With it being nearly 100 degrees in Northeast Virginia with no pool in sight, writing about the garden seemed like a much better deal than working in it. It has been three seasons since I dug my first garden bed out here, and I thought you might like to see its evolution.
I’ve often heard Margaret, my friend who is a landscape designer, talk about the cultivation of new garden beds and how it takes about three seasons to achieve a mature space. While she was probably referring to flower and ornamental beds, I heard Margaret’s voice when we moved in two and a half years ago. I knew that getting started early, even with a basic plan, would yield a mature space sooner than later.
The picture below is our first attempt at cultivating an old, fallow field that once held cattle. Ambitious at 40′ x 20′, we tilled in Spring 2014 with a questionable $100 tiller from Craigslist. The combination of very clay-heavy soil and a cheap tiller made your whole body tremble for hours after, but we got it done and started planting.
The results were amazing to see (and eat!), and I learned so much about seed varieties, what worked, and what didn’t do so well. This would be the basis for the next two seasons.
The second season was a bit tougher as the indoor renovations had begun and most reserve energy went into completing those projects. But I was still on a mission to keep cultivating the garden space, making it even better after year one.
A cold winter gave me the chance to ponder new designs and best practices. I stumbled across the book, A Rich Spot of Earth, an exploration of Thomas Jefferson’s gardens at Monticello, by Peter Hatch. I was mesmerized. Jefferson’s planning, thoughtfulness, and overall vision to create a diverse and beautiful garden was inspiring to me. After a visit to Monticello and some drawings of my own, I had a clear path forward.
Now knowing more about sun angles, wind, and the soil, we decided to rotate the entire garden angle just slightly to better meet southern exposures, and we expanded its overall size to 60′ x 30′. This increase would give me the ability to reduce some of the bed sizes for better access for weeding and planting, further reducing soil compaction from having to walk on it. One of my goals is to minimize the need for deep tilling altogether, emphasizing a low-impact approach at the beginning and end of each season. The garden’s size increase would also allow me to add walkways, fencing, and other design elements to the space.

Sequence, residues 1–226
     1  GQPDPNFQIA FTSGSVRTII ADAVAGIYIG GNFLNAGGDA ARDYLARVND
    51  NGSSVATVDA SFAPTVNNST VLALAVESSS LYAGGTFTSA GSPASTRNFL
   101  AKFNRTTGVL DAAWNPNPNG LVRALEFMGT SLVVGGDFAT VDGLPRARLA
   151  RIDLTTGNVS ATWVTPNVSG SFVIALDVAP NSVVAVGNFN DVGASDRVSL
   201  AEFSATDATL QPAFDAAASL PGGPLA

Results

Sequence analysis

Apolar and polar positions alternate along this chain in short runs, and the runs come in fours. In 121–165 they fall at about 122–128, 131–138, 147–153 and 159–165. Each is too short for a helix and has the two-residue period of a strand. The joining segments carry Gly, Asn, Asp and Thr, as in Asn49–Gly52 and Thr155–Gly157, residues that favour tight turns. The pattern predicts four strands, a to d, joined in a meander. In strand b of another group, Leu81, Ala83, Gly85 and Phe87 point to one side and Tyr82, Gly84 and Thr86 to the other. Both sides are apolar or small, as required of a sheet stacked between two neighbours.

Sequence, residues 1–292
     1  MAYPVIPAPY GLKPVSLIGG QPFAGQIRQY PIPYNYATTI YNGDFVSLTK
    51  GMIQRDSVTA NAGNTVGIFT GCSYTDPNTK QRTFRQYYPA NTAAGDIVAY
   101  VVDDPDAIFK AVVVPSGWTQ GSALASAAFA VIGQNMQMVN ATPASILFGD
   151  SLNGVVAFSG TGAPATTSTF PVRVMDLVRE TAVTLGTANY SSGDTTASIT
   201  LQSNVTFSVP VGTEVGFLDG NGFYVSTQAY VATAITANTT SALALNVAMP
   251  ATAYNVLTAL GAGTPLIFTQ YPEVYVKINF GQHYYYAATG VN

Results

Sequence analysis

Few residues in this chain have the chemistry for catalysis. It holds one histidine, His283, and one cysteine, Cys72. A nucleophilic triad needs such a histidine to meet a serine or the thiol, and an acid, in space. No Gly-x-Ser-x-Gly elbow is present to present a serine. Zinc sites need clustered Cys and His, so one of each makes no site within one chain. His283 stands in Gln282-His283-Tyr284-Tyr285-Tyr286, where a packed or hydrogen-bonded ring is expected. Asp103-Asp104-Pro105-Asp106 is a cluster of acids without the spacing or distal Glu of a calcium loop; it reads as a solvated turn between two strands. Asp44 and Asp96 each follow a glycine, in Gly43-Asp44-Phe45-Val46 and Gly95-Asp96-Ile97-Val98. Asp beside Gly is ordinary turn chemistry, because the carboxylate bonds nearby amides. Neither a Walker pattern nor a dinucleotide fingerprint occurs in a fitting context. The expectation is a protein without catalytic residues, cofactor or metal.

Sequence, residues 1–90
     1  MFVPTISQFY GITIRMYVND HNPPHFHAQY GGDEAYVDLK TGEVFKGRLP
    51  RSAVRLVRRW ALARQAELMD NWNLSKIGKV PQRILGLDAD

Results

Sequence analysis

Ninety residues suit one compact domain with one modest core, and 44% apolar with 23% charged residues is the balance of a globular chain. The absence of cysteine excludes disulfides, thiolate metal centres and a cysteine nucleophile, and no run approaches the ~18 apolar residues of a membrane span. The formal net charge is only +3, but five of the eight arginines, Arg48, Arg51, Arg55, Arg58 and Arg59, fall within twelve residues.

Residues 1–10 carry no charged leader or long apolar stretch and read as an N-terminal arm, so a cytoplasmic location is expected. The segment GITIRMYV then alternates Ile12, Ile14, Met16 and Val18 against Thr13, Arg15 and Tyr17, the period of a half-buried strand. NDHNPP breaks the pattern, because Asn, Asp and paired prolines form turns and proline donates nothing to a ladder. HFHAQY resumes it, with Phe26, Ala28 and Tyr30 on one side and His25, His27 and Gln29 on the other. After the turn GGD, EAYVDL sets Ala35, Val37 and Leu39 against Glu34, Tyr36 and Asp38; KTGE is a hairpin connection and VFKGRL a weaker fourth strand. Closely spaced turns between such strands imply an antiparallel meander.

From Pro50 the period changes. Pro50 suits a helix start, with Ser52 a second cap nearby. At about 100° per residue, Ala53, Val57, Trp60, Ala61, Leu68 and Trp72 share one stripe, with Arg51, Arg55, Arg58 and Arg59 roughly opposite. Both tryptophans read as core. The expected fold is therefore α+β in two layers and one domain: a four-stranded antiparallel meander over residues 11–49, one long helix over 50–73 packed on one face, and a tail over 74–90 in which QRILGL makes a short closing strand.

Before the second season ended, I was able to clearly define the new garden beds, adding topsoil and grass seed to the walkways. As Spring 2016 rolled around, I would have the new layout intact and be ready to focus on the beds and fencing.
As season three came out of a very cold winter, everything was well on its way. The many soil amendments were starting to yield a healthy loam, the grass seed had taken off to mark clear paths, and my own skills had hopefully gotten better with two seasons of learning.
Miss Bit keeps an eye on work progress in April 2016 – the ultimate project manager
I still have a lot of work to do on the fencing and landscaping around the space, but that gets better too as I find new inspirations along the way. You might remember the dancing lady that was restored earlier this year and now graces the space. After the perimeter garden fence is complete, electrical and lighting will be installed, and water will be routed for irrigation.
The vegetable garden, July 2016
Although we had a very prolonged, wet spring, I was finally able to get a few seeds in the ground. Many were new varieties that I had not tried before and some were old favorites that I’ve had great success with during past years. Here are some of my favorite heirloom varieties that you will find in my garden each year:
- Cherry Belle Radish
- Maxibel Haricot Vert
- Straight Eights Cucumber
- Hale’s Best Muskmelon
- Lacinato Kale
- White Acre Peas
With a new kitchen and a flourishing garden, I can’t get enough time to cook and create. Hopefully you can stop by and join me for a fresh garden meal one day soon!
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